Total Phenols in leaves were determined using the method described by Titto [14]. Data collected were subjected to the statistical analysis as described by Snedecor and Cochran [15].


3.1. Salt Stress

3.1.1. Growth

Irrigation with high salinity water significantly decreased pepper plants height, leaf area, fruit length and

Table 1. Some physical and chemical characteristics of the soil used in this study.

diameter, as well as stem, leaves and fruit weight as compared to those of the plants irrigated by tap water (Table 2). Chartzoulakis and Klapaki [16] reported significant reduction in growth of pepper plants irrigated with water containing 100 and 150 mM NaCl. They also reported significant reductions in plant height, leaf area, and dry weight of the plants irrigated with water containing ³25 mM NaCl.

These adverse effects of salt stress may be due to the effects of salts on the availability and uptake of water leading to decreased water content in the plant tissues which altered the metabolic processes inside the cells. Furthermore, increased salt content in the irrigation water may cause direct and indirect effects on leaf water relations and stomatal closure which influence CO2 exchange and photosynthetic rate. Increased salt content in irrigation water may be directly toxic to plants, which in turn, lowered carbohydrate accumulation in the plants [17,18].

Furthermore, negative effects of salinity have been attributed to disturbance in either protein assimilation [19, 20], mineral uptake and distribution [21], activities of growth hormones [22-24], enzymes activities [25,26] and oxidative defense ([25-27]).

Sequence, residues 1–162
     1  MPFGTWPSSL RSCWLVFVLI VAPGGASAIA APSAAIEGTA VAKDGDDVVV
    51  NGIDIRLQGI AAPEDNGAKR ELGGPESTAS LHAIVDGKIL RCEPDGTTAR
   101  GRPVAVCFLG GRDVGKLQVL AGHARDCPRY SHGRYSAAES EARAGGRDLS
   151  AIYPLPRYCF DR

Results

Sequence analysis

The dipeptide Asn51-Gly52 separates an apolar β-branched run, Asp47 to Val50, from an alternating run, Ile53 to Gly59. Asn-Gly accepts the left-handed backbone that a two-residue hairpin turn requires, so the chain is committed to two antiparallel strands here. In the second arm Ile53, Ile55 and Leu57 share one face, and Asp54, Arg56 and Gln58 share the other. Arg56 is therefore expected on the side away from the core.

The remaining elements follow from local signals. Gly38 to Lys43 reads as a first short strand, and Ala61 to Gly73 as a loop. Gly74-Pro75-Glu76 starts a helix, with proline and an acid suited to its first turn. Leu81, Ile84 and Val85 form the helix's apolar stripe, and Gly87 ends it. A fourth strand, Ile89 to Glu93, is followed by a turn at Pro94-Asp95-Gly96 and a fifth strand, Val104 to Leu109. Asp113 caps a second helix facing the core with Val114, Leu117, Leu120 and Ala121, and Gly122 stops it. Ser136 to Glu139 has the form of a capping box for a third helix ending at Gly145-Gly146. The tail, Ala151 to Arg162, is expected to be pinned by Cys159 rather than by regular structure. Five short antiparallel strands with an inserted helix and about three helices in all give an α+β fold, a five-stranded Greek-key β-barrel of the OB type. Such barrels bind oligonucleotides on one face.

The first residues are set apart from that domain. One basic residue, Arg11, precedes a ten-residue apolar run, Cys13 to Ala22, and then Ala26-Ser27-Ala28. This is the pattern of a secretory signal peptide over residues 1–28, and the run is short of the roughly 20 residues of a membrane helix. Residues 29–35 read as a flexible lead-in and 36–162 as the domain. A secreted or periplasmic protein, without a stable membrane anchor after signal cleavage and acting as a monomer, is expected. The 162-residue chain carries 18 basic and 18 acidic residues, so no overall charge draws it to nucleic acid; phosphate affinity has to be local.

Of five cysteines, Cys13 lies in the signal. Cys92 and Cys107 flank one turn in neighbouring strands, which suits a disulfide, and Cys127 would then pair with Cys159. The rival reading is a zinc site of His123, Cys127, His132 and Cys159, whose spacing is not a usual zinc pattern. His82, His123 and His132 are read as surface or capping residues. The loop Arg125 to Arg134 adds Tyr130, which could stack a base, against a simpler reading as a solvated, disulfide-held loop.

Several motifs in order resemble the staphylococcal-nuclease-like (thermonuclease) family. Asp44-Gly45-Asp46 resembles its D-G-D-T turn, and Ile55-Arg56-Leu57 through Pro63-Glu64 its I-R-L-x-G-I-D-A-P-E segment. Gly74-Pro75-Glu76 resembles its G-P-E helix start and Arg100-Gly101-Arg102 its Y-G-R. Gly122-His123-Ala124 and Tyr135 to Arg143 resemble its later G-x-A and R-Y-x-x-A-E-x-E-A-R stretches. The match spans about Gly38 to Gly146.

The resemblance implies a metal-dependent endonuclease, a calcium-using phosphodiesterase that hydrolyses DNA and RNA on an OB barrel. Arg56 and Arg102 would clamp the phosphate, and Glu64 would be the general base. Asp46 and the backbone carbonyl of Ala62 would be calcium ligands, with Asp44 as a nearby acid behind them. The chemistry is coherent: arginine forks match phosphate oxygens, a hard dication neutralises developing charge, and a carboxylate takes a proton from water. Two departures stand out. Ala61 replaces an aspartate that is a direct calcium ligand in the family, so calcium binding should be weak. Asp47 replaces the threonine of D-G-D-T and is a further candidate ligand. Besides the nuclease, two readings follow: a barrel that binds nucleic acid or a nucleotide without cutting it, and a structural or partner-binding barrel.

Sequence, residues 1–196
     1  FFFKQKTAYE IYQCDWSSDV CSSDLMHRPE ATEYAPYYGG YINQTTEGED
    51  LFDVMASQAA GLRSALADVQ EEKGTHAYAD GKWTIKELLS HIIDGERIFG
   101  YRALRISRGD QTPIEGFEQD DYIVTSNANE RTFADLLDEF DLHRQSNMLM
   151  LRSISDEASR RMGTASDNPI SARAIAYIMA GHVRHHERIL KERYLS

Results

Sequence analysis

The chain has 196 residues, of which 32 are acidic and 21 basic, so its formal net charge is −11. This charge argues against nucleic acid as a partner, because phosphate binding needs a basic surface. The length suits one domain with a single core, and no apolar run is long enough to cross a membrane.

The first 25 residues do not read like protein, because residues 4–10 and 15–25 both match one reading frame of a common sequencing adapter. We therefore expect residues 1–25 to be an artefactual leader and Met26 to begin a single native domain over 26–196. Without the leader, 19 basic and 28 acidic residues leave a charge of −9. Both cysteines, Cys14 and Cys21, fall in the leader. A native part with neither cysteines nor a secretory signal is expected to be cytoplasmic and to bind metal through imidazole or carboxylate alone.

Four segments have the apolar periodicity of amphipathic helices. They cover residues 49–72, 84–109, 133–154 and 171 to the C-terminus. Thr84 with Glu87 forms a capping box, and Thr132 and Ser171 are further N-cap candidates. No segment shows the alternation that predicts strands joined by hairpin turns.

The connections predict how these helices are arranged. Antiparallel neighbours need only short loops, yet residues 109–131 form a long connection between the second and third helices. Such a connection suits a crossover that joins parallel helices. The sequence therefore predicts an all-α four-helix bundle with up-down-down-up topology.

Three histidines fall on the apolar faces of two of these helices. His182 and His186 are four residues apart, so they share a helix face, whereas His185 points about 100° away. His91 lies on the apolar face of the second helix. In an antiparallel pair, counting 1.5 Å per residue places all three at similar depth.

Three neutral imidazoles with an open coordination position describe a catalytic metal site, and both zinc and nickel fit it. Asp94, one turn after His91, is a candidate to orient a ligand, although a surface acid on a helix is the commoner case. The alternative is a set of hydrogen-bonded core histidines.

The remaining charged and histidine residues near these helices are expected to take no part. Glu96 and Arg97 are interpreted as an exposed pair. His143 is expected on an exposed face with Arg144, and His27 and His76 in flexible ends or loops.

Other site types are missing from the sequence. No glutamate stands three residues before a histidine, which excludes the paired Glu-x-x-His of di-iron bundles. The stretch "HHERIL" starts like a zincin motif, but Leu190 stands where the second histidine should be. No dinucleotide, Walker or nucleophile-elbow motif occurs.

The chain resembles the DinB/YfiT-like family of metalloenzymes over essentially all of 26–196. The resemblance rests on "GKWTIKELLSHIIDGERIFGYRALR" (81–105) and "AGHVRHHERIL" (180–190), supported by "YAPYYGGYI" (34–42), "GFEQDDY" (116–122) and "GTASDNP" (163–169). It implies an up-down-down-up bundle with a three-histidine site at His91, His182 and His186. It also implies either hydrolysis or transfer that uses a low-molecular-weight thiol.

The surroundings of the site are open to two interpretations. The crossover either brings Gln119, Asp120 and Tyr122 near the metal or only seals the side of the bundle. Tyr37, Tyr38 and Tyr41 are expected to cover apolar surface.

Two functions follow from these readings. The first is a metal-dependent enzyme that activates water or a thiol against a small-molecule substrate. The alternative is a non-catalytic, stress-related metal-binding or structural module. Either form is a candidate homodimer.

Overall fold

3.1.2. Photosynthetic Pigments

Concentrations of chlorophyll_a (chl_a), chlorophyll_b (chl_b), carotenoids, or total phenols increased with increased salinity in irrigation water (Table 3). The highest value of chl_a: chl_b ratio was in leaves of the plants irrigated by saline water with EC = 4.69 dS/m. Mousavi, et al. [28] also reported a decrease in chlorophyll_a and b in young olive cultivars with an increase in salinity up to 40 mM. The results of this study are in agreement with those of Azooz et al. [29] for sorghum, Dagar et al. [30] for Salvadorapersica, and Lee [2] for hot pepper.

The reduction in leaf chlorophyll content of the plants grown in NaCl stress has been attributed to the destruction of chlorophyll pigments and instability of the pigment protein complex [31]. Furthermore, increased salt content also interferes with protein synthesis and influences the structural component of chlorophyll [32].

3.1.3. Total Phenols

Concentration of total phenols in pepper leaves significantly increased with an increase in irrigation water salinity (Table 3). Chartzoulakis [33] reported that total phenol content in olive leaves was not affected by moderate NaCl salinity (ECw of 5 dS/m). Ben Dkhil and Denden [34] observed greater accumulation of sugar and phenols in Abelmoschus esculentus L. (Moench.) seedlings with an increase in salinity of up to 100 mM NaCl.

3.2. Foliar Application of KMP

3.2.1. Growth

Foliar application of KMP significantly increased the plant height, leaf area, fruit diameter, stem and fruit fresh and dry weights (Table 4). El-Tohamy et al. [35] re-

Table 2. Growth response of pepper plants to irrigation by tapwater or two high salinity water.